With Crash, co-writers Paul Haggis and Bobby Moresco craft a scene that's unlikely to be matched for pure gut-level impact. Craftily set up (and earned) by another crackerjack confrontation earlier in the picture, the scene in question uses the ticking-clock language of action-movie tension to force a truce between two characters who have declared war on each other based on differences of race, gender, and morality. In a movie crammed with speechy dialogue, two characters deepen and redefine themselves through action, cause for genuine surprise.
Haggis—the first-time director of Crash (and screenwriter of Million Dollar Baby) might have been content with this virtuosic scene, an imaginative approach to refusing easy judgement of quickly established screen characters, but Crash is an ever-ambitious, nearly two-hour boil of racial tensions in modern-day Los Angeles. Consistently riding the borderline of heavy-handed with this P.T. Anderson-styled tapestry of interwoven tales (the opening lines are a big mistake), Haggis jounces his own tightrope with character collisions and roadside combat, but proves—almost in spite of himself—that nothing succeeds like success.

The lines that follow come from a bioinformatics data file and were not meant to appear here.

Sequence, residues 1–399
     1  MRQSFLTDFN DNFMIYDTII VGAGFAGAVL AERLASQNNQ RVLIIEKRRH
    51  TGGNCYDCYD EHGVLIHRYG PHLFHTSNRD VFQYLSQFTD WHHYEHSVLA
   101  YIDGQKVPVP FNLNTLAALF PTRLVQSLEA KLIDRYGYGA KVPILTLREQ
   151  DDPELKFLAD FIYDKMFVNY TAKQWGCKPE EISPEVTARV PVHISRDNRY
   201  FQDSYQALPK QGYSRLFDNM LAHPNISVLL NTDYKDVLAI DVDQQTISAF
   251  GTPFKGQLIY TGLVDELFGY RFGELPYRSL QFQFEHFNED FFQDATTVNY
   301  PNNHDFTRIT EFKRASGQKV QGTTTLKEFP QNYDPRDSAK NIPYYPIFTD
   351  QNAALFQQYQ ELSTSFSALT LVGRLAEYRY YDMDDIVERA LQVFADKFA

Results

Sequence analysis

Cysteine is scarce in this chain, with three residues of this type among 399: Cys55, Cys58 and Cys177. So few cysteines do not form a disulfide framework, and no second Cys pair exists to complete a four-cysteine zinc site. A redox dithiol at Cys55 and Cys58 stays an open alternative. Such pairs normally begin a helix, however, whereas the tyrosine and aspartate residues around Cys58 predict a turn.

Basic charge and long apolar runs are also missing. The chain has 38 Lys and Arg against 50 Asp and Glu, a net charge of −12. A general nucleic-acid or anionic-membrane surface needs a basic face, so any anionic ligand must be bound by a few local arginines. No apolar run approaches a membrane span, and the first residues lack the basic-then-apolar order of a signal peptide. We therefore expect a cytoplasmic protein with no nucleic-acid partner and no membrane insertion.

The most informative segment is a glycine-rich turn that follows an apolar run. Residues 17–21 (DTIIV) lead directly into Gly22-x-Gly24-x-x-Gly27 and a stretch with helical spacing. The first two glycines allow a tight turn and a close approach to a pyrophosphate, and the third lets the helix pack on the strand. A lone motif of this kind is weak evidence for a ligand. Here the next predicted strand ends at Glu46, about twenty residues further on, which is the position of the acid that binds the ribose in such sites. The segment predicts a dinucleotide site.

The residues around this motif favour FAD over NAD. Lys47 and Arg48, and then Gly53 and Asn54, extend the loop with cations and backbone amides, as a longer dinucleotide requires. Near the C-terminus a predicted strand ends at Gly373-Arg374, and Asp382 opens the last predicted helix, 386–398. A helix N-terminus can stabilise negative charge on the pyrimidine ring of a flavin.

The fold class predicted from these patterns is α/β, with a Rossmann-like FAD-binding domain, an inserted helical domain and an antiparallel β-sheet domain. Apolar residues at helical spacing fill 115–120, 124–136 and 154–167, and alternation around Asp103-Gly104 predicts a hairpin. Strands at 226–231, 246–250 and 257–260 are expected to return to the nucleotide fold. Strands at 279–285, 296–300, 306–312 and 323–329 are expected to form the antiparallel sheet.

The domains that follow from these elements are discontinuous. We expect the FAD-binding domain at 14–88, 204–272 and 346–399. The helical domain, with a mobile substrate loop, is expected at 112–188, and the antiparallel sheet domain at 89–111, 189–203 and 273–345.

An uniformly excellent cast broods over actual and perceived injustices. Ryan Philippe's cop must share a car with a pain-in-the-ass racist partner (Matt Dillon), who racially profiles an upper-class black couple (Terrence Howard and Thandie Newton). Chris "Ludacris" Bridges and Larenz Tate banter about racial profiling before getting into some trouble of their own. Sandra Bullock spews invective about Mexican-Americans until she finds she needs her maid. Don Cheadle, a detective sleeping with his Central American partner (Jennifer Esposito) bears familial burdens, and so it goes...
"Don't drive angry" could be the tag line for Crash. Haggis sets a fast pace and sticks to it, caroming from couple to couple and freshening what's essentially one astringent, racially charged dialogue that seems to carry the entire burden of America's—and Hollywood's—racist past. In one scene, an asshole TV star (dig the cameo) instructs Howard's TV director to enforce the Ebonics a presumably white screenwriter has penned for an African American actor. The establishment of white intellectual superiority through cultural dominance queasily compounds when Howard's harrassed character feels he must swallow his pride—for the second time in 24 hours—to protect his livelihood.
Haggis gives his audience no time to flinch, and while it's a dazzling feat of screenwriting, less would be more: the lessons are too obvious, too crowded, too loud. Still, Haggis evinces remarkable skill on a scene-by-scene basis. A maddening miscommunication between a good-hearted Mexican-American locksmith and a Persian store owner (Shaun Toub) has no "bad guy"—though the shop owner is hysterical, he's still riding a wave of anger articulated by the rhetorical question "When did Persian become Arab?". Sadly, we all know the answer. Haggis plays the audience like an electric guitar, but with actors like these, who needs subtleties?